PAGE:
A Dynamic View of the Market in .NET Generation barcode 3 of 9 in .NET A Dynamic View of the Market

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17.4 A Dynamic View of the Market generate, create uss code 39 none in .net projects ISO/IEC 18004:2000 There is ano 3 of 9 for .NET ther way to view this critical point idea that is particularly illuminating. We have been focusing on an equilibrium in which consumers correctly predict the number of actual users of the good.

Let s now ask what this would look like if consumers have common beliefs about how many users there will be, but we allow for the possibility that these beliefs are not correct.. network effects This means t Code-39 for .NET hat if everyone believes a z fraction of the population will use the product, then consumer x, based on this belief, will want to purchase if r(x)f (z) p . Hence, if anyone at all wants to purchase, the set of people who will purchase will be between 0 and z, where z solves the equation r( )f (z) = p .

Equivalently, z r( ) = z or, taking the inverse of the function r( ), z = r 1 p . f (z) (17.2) p , f (z) (17.

1). This equat ion provides a way of computing the outcome z from the shared expectation z, but we should keep in mind that we can only use this equation when there is in fact a value of z that solves Equation (17.1). Otherwise, the outcome is simply that no one purchases.

Since r( ) is a continuous function that decreases from r(0) down to r(1) = 0, such p r(0). Therefore, in general, a solution will exist and be unique precisely when f (z) we can de ne a function g( ) that gives the outcome z in terms of the shared expectation z as follows. When the shared expectation is z 0, the outcome is z = g(z), where.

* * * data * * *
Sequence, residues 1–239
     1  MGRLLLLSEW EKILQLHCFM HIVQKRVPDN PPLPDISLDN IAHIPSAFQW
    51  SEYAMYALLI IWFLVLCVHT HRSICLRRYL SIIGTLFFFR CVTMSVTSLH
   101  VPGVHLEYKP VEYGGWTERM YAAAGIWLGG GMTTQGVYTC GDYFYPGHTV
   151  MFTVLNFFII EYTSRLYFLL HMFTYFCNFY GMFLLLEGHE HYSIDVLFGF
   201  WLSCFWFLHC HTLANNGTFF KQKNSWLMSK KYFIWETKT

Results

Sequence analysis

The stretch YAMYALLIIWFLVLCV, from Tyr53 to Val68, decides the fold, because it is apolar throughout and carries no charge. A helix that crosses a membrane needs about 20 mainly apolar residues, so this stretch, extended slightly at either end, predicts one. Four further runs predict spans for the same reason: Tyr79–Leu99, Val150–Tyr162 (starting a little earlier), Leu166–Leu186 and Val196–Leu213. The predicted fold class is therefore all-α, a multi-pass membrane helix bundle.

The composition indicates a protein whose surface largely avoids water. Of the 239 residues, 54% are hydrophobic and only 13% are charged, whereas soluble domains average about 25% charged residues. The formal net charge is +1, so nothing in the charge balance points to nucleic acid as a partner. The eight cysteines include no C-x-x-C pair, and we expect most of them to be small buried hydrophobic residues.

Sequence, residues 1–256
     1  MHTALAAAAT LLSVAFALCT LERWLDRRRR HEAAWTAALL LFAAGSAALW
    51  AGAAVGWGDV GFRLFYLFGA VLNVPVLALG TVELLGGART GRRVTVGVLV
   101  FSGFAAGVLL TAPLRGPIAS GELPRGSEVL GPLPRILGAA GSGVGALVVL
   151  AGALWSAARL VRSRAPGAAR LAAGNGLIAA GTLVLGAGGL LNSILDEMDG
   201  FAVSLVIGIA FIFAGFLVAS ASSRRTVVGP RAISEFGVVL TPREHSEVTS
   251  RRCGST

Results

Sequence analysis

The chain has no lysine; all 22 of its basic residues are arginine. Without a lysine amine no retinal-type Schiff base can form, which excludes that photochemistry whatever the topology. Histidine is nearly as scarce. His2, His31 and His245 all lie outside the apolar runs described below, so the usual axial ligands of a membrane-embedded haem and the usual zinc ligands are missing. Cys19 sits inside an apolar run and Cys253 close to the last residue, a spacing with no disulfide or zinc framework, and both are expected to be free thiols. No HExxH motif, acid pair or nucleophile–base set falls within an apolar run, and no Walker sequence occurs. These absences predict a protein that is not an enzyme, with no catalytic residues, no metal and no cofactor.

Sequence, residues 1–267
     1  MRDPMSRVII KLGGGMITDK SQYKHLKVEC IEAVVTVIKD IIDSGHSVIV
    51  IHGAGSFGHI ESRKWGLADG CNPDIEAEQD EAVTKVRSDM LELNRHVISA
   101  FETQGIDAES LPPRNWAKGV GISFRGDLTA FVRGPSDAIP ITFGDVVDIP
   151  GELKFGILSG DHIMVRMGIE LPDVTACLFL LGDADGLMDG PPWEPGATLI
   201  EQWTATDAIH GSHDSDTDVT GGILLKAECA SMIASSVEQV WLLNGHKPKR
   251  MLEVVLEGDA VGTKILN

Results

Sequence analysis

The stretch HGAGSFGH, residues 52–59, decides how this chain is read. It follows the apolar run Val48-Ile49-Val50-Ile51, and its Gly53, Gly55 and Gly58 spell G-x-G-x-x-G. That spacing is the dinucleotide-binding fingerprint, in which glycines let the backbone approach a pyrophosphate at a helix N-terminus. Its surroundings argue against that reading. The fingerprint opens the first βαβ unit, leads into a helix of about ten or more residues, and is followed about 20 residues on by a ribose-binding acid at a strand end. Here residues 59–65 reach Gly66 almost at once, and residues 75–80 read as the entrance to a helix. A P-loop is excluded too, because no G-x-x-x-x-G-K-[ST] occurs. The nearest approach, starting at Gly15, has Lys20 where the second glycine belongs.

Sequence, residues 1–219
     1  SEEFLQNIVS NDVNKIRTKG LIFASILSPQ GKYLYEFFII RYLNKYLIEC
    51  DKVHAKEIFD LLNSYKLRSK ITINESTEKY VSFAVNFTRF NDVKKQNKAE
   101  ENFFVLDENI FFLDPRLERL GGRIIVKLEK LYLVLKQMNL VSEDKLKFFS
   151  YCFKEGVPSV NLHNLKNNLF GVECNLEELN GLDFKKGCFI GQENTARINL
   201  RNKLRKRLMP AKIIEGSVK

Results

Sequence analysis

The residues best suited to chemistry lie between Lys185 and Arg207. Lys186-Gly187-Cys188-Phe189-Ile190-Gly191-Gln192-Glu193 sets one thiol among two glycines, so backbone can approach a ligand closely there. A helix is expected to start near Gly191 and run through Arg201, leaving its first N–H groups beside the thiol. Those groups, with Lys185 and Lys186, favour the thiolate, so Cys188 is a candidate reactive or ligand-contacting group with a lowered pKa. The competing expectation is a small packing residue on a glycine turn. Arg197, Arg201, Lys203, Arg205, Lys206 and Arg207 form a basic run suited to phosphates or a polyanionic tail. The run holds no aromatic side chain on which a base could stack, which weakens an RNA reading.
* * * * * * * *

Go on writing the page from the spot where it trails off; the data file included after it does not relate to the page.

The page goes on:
p p when t barcode 39 for .NET he condition for a solution r(0) holds, and f (z) f (z) g(z) = 0 otherwise. g(z) = r 1.

Let s try th is on the example illustrated in Figure 17.3, where r(x) = 1 x and f (z) = z. In this case, r 1 (x) turns out to be 1 x.

Also, z(0) = 1, so the condition for a p r(0) is just z p . Therefore, in this example, solution f (z). g(z) = 1 p when z p , and g(z) = 0 otherwise. z We can plo t the function z = g(z) as shown in Figure 17.4. Beyond the simple shape of the curve, however, its relationship to the 45o line z = z provides a striking visual summary of the issues around equilibrium, stability, and instability that we ve been discussing.

Figure 17.5 illustrates this. To begin with, when the plots of the two functions z = g(z) and z = z cross, we have a self-ful lling expectations equilibrium: here g(z) = z, and so if everyone expects a z fraction of the population to purchase, then in fact a z fraction will do so.

When the curve z = g(z) lies below the line z = z, we have downward pressure on the consumption of the good: if people expect a z fraction of the population to use the good, then the outcome will underperform these expectations, and we would expect a downward spiral in consumption. And correspondingly, when the curve z = g(z) lies above the line z = z, we have upward pressure on the consumption of the good. This gives a pictorial interpretation of the stability properties of the equilibria.

Based on how the functions cross in the vicinity of the equilibrium z , we see that it is stable: there is upward pressure from below and downward pressure from above. On the other hand, where the curves cross in the vicinity of the equilibrium z , there is. a dynamic view of the market Outcome z z = g(z).
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